- They need to help the child develop specific social skills in the areas of conflict resolution, negotiation and compromise.
- Parents have to work together to set clear and powerful limits to manage the behavior, always remembering to be united and use the word “we.”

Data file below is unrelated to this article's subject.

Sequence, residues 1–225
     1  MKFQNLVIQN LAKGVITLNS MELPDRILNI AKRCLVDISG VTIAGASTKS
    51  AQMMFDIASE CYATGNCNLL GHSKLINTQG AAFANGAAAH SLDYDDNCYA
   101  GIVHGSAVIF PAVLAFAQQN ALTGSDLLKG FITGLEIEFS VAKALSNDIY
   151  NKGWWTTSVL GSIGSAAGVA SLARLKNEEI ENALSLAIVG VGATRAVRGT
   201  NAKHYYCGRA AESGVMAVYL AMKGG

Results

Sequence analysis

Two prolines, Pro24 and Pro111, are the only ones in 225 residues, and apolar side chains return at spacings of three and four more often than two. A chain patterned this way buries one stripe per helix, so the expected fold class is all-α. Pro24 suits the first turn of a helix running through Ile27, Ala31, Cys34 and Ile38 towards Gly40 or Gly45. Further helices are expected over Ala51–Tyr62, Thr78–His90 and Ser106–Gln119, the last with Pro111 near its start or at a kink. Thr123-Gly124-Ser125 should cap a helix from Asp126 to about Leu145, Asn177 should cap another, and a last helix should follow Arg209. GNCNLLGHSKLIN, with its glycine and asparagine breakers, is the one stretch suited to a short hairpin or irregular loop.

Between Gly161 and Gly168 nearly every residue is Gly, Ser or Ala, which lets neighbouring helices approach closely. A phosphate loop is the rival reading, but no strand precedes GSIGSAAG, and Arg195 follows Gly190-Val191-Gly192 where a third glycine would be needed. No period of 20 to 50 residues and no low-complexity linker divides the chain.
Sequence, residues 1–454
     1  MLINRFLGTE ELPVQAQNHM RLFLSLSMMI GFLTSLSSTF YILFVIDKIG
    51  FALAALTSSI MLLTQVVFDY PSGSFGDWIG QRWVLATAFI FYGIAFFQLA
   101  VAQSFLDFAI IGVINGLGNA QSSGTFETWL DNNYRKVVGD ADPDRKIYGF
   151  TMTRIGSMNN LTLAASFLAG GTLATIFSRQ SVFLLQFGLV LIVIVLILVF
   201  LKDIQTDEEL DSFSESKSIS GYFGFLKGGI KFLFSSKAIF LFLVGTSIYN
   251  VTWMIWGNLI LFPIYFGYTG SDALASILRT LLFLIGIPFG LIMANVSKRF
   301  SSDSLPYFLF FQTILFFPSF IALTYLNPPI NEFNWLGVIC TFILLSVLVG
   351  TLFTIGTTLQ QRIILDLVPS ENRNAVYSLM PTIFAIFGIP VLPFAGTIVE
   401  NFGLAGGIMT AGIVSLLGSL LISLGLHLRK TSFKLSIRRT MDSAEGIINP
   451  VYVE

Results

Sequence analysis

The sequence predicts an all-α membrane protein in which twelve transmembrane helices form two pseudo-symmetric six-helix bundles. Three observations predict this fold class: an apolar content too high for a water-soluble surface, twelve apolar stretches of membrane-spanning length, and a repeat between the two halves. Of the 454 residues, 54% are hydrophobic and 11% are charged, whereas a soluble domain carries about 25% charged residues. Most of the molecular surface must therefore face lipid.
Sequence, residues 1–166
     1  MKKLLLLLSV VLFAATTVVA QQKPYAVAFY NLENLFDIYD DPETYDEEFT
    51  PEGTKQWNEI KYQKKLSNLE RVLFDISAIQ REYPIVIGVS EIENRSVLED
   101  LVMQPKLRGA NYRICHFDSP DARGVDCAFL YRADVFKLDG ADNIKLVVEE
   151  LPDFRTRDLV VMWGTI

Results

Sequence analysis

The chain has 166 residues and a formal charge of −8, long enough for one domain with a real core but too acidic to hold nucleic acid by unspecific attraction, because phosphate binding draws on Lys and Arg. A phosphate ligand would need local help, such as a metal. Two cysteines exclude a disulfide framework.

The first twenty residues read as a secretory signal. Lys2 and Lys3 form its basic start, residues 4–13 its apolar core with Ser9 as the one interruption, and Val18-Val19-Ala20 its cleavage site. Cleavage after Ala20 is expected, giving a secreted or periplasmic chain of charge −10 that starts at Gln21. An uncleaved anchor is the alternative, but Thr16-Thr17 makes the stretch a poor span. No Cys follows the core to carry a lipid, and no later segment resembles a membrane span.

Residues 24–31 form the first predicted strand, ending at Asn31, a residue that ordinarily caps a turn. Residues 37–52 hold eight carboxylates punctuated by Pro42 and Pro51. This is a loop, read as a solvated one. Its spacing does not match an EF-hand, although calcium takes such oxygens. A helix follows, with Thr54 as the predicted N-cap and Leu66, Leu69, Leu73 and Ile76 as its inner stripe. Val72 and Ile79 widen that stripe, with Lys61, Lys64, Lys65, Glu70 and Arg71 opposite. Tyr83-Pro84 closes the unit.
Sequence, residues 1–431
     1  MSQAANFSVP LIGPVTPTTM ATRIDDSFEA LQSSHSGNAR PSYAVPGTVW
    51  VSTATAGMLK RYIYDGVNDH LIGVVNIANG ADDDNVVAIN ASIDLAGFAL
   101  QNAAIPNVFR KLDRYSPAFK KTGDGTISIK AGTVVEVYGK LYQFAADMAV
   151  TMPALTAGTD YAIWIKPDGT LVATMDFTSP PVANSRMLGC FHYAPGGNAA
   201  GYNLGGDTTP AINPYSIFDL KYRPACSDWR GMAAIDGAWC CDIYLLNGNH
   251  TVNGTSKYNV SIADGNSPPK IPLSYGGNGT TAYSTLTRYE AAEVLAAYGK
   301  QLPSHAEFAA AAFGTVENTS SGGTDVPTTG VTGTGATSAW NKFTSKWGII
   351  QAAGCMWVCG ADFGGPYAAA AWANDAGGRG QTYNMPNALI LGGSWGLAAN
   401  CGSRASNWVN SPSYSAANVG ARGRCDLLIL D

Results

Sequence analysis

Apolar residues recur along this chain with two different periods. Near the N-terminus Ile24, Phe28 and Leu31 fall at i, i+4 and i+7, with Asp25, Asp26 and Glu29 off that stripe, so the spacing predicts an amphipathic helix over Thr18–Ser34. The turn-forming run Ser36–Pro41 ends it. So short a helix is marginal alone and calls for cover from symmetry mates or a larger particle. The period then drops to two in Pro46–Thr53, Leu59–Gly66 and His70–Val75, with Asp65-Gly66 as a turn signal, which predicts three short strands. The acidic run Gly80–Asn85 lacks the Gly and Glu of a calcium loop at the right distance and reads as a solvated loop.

For many children, behavior problems are not universal; they’re targeted. Targeted at dad, at mom, at the stepmother, at the fiancé, at a sibling. The following two case studies reveal how normally charming and compliant children can become defiant or even abusive with one person in the family. James Lehman examines why this happens and what parents can do about it. Case study #1: When Lisa remarried, she was confident that her three kids would grow to love David as much as she did. Her oldest daughter, Danielle (16), had never really warmed up to David, but she thought she’d come around. Danielle had always been a sweet and pretty resilient kid. Lisa was wrong. Within a few weeks after the wedding, Danielle’s behavior toward David became openly hostile. If he so much as tried to assert himself in a parenting role, Danielle would blow up. After one epic argument involving curfew, she stopped speaking to David altogether—and hasn’t uttered a word to him in the last two years. Danielle will speak to everyone in the family, except David, who remains the object of her unending wrath. Case study #2: People who know Brian, Susan and their four children always tell them they look like “the perfect family” and compliment them on how polite their children are. But inside their home, they are far from perfect. Their 15-year-old son Jacob is a tyrant, particularly toward his mother and his youngest brother. He uses intimidating language with Susan and is physically abusive with six-year-old Tyler. “Jacob is all smiles when we’re in public,” says Susan. “But when we come home, he turns into this whole different kid.” Kids recognize and deal with people in different ways almost from birth. As infants, they respond differently to their mother, a caregiver or a family friend. This continues into childhood and adolescence. They recognize the differences in adults, and those differences often fall into two categories. Which adults have power and which adults don’t have power? Which adults can you manipulate with bad behavior and which adults can you not manipulate? As kids grow up, they recognize which adults cannot follow through on consequences, which ones accept their excuses for inappropriate behavior and which ones buy them things to win their allegiance. They learn which adult is always making excuses for them and which one sets limits. When a child targets one person when he acts out, it’s an indication that he has learned he can feel powerful at the expense of that person, whether it’s a parent, a stepparent or a sibling. On the surface, you won’t see the kid getting anything out of this targeted behavior. It’s not like he gets out of a consequence by calling his mother abusive names. He does it because he feels like a zero, and when he can bully his mother, he feels powerful. He feels weak and shaky about himself and lacks self-confidence. When he puts her down, he gets self-confidence. It’s a simple, basic behavioral dynamic. To understand what kids get out of this, imagine you have a boss that you don’t like. Let’s say that boss is a constant pain in the neck for you. How often do you dream about telling him off? You imagine what it would be like to tell him off and think about how great you’ll feel. It probably will feel great for fifteen seconds, until you figure out how you’re going to find another job. It’s the same thing for these kids. They are telling off their boss, and they get the same sense of gratification out of it. To make it even better, they get to tell their boss off every day. In Danielle’s case, she has been telling off the boss for two years. When children target a parent with their inappropriate behavior, they have most likely seen that there is a division in how the parents deal with the child—that the parents are not in alliance. They get two different messages from the parents, and they get power by picking on the weaker of the two parents, confronting the parent who challenges their power base or lashing out at the parent they deem is “unfair.” Children who target parents or siblings by acting out often don’t have high self-esteem. They are afraid to feel certain things or be confronted with certain situations. So they try to control people by making one of the parents or a sibling a victim. When a child targets one person when he acts out, it’s an indication that he has learned he can feel powerful at the expense of that person, whether it’s a parent, a step parent or a sibling. It’s a natural reaction for parents to become divided when this targeted behavior is going on in the family. Parents become angry at the child and at each other. It’s somehow easier for parents to argue with each other over the child’s behavior than it is to demand that the child change. But this is exactly what parents need to avoid. Parents have to join together and decide what they’re going to do—together—when the child is abusive. Whether both parents witness it or not, both parents have to say, “There’s no excuse for abuse.” Say this directly, clearly and firmly to the child who is acting out. Don’t look to blame the other kids in the family. Don’t blame each other. Put the responsibility for the behavior back on the child who is acting out. Whether you are parenting the child as parents, step parents or foster parents, the most important word to remember is “We.” In Danielle’s case, when she rejects her stepfather, she is rejecting is the authority figure that he represents. Lisa shouldn’t try to shoulder the burden of this conflict alone, and David should neither withdraw from the parenting role to avoid conflict nor incite it by getting into shouting matches with Danielle. Lisa and David need to stand together and be very clear with Danielle, saying, “We are both your parents. And if you act in a disrespectful way with either one of us, you will be held equally accountable.” The case of Jacob reminds me of my days working in youth detention centers. One day I remember asking a kid, “Do you curse at the staff in here?” And he said no. I asked him, “Why not? You curse at your mother.” Kids know who has the authority and who doesn’t. The kid in the detention center knew the staff members had authority and wouldn’t put up with being cursed at. His mom didn’t have authority over him, so he cursed her. What Brian and Susan need to realize is that Jacob understands if he disrespects people outside the home, the consequences will be clear, swift and uncomfortable. So when he disrespects his mother or his little brother, the consequences should also be clear, swift and uncomfortable. They need to observe what is different and what works about his behavioral responses outside the home and apply those things to their home. The child who bullies specific people in the home has to learn the skills it takes to feel powerful and competent in more age appropriate ways. Parents should address two things: